Statement by Ambassador Christoph Heusgen during the Security Council open debate on peace and security in Africa - March 11, 2020

11.03.2020 - Speech

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We heard the three wonderful briefers giving a very bleak picture of where we stand with regard to terrorism. We also had Rosemary DiCarlo mentioning Al-Shabaab, Boko Haram and ISIL and the al-Qaida affiliates. Abdoulaye Mar Dieye mentioned the arc of instability and Fatima Mohammed mentioned that whole regions are at war, infrastructure and livelihoods destroyed. And also she mentioned the technological advance of terrorists using drone techniques and others. Also Rosemary and others mentioned the number of victims that we have to encounter: tens of thousands of people who have been killed. I agree with Fatima that there are very complex situations and you need complex solutions to it, or as it is put in the presidential statement, you need a holistic approach to the situation.

What do we have to do? I see a lot of coherence here in the response of the briefers and also what the UK speaker said, and that is prevention. It is important to understand the reasons driving individuals, young people, to join terrorist and extremist groups. It is important to understand these drivers to then enable societies and individuals to become resilient to terrorism and extremist ideology.

So what are resilient societies? These are societies that respect the rule of law and human rights. Inclusive societies that protect rather than marginalize minorities, promote the meaningful participation of women and provide economic perspective. Abdoulaye Mar mentioned that not enough money is spent on prevention and he gave us statistics of how much more could result with one dollar spent on prevention instead of then spending so much money on crisis response. Of course you need to complement these long-term approaches of making societies resilient. You have to complement with the work of law enforcement agencies. You need security sectors that counter terrorism and prosecute perpetrators. But it's very important that enforcement agencies take into account human rights, respect the rule of law and are accountable.

I would like to pick up a figure that Abdoulaye mentioned in his presentation mentioned that we really have to remember: Seventy one percent of the respondents in the study declared that government action was a trigger for them to join a terrorist or violent extremist group. That includes human rights violations, disrespect for fundamental principles like the rule of law. I would like to quote the authors of this study who came to the conclusion: “Dramatic reappraisal of state security focused interventions is urgently required, including more effective oversight of human rights compliance, rule of law and state accountability.”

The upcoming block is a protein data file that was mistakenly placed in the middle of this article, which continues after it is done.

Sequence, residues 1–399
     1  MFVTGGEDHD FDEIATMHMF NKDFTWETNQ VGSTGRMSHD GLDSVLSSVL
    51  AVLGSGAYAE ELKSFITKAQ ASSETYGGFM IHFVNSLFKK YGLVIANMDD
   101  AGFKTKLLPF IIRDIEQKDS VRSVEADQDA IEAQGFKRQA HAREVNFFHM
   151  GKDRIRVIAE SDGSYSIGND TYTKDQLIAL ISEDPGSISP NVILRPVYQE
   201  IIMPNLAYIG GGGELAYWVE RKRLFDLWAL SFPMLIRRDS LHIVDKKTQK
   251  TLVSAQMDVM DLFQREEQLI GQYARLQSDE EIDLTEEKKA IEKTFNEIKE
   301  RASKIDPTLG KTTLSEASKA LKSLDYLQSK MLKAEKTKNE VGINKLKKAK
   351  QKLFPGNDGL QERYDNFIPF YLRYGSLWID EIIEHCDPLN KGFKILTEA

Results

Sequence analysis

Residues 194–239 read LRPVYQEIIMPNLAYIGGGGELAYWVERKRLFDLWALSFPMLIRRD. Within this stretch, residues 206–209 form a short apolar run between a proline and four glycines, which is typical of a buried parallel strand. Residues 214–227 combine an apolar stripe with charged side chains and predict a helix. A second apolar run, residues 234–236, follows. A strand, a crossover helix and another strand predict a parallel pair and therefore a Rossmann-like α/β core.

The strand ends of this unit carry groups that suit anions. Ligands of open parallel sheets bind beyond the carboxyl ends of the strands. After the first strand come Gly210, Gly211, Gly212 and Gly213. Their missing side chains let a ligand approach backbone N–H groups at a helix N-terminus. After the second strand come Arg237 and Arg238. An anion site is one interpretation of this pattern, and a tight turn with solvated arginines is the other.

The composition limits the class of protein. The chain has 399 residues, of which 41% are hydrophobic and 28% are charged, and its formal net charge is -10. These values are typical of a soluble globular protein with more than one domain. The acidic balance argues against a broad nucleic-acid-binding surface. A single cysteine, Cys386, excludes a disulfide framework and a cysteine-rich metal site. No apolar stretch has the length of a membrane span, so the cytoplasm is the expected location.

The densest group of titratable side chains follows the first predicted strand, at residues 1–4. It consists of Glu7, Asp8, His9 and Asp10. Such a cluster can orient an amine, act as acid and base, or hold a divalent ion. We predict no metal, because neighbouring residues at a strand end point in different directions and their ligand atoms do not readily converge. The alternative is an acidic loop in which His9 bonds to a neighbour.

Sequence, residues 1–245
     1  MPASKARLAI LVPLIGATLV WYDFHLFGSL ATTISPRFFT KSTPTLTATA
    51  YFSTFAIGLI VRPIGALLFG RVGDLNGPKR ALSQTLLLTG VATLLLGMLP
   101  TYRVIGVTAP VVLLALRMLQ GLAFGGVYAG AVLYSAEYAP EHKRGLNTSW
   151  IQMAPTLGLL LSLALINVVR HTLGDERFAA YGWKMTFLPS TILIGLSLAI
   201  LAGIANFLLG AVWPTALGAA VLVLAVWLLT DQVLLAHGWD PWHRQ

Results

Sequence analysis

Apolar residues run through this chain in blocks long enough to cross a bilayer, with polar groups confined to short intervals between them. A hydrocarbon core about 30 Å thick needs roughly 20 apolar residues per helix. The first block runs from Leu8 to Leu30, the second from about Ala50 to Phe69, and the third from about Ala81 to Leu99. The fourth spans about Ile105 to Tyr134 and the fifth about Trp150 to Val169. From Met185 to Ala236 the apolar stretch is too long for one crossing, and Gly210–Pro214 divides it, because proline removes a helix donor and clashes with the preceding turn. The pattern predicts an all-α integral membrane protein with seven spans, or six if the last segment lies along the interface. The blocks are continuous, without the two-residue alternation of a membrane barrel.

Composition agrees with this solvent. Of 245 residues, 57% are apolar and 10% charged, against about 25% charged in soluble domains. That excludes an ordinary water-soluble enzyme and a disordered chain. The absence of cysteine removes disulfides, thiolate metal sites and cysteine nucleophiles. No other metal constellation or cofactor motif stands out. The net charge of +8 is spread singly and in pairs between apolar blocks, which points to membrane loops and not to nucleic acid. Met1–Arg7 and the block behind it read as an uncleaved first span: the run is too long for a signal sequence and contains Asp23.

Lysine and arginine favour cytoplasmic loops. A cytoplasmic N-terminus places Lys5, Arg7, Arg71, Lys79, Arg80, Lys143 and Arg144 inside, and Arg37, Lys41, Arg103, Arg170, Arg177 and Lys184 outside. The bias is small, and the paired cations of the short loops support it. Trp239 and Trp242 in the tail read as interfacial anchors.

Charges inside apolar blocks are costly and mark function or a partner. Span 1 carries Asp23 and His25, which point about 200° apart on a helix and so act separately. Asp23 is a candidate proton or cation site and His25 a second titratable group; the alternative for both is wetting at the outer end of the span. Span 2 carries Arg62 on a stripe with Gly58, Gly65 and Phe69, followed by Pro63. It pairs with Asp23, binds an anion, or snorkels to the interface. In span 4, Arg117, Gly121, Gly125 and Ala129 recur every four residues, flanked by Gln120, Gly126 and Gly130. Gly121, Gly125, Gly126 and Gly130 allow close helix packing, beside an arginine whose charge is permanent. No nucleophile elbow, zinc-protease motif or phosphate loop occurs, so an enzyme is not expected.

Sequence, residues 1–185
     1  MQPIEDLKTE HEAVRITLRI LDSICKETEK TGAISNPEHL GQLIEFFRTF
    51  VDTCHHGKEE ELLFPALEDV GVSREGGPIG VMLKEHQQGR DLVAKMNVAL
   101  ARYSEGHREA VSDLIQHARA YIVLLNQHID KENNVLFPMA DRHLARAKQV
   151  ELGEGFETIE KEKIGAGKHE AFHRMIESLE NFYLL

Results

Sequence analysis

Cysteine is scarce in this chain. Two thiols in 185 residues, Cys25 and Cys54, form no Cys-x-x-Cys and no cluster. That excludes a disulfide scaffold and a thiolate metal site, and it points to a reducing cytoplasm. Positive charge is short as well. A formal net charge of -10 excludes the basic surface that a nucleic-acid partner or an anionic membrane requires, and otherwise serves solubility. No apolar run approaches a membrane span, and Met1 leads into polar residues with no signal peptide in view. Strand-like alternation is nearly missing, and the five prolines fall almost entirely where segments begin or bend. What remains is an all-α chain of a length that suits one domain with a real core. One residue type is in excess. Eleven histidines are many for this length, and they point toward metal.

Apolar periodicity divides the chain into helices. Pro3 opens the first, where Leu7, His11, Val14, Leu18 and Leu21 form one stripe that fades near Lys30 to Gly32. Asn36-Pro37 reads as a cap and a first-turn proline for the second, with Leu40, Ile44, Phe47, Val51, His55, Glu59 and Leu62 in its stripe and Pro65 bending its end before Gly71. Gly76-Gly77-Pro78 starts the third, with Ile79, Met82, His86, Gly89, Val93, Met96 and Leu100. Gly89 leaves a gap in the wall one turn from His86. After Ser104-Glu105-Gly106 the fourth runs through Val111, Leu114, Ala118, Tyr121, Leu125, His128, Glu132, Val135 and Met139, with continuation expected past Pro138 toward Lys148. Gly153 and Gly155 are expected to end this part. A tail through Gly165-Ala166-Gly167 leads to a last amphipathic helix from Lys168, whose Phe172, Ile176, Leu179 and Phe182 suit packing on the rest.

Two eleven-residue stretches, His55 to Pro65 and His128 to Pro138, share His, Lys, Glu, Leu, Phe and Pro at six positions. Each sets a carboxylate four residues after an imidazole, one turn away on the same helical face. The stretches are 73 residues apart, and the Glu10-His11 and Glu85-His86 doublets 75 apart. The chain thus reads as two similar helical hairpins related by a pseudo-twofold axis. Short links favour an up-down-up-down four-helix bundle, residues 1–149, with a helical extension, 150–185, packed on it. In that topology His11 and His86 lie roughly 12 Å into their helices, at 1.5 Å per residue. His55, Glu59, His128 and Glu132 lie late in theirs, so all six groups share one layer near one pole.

We should take this advice very, very seriously. Of course, this study also points to socio-economic marginalization that fosters radicalization. But it's a very important conclusion that socioeconomic marginalization is not the main driver for terrorism. So poverty does not automatically lead to terrorism. And on the other hand, prosperity does not immunize societies and individuals against recruitment by terrorists. So, what is important is prevention, respect for human dignity, developing an environment where young people can earn a living and support families, and that they have opportunities for social, economic and political participation. Also, what Abdoulaye said in his presentation is quality education and the UNDP study called for childhood education “enabling critical thinking, social cohesion, peace, education and civic engagement values.” In this respect, of course, it is really depressing what Fatima Mohammed said in her statement about the fact that thousands of schools are closed. Of course, this is extremely worrying because this basis is not set in schools for the individual.

Gender equality, gender perspective is very important to also include in counterterrorism efforts. Gender equality and meaningful participation in decision making. Meaningful participation in peace processes. I mean, we say this every day. We said it yesterday about Afghanistan, but it is crucial. Sexual violence is something we need to mention. And we all still remember and know about the horrible acts of a group like Boko Haram that has abducted hundreds of girls.

I would like to point to one issue, which was a bit new for me reading the study: female radicalization is also something we have to look at. Now, I don't want to be too long. We need to work on regional cooperation. This is clear. Germany is co-chair of the Global Counter-Terrorism Forum. We participate a lot in regional cooperation in particular. Also with the G5 Sahel and my French colleague will say more about this. We work on disarmament. We work on controlling the export of arms. We promote the silencing of guns initiative. But still, the most important remains the national action, the national responsibility for counter-terrorism, respect for human rights, and respect for international humanitarian law. And what is very important is our values; that we show as a government then also strengthen our credibility in the fight against counter terrorism.

Thank you.

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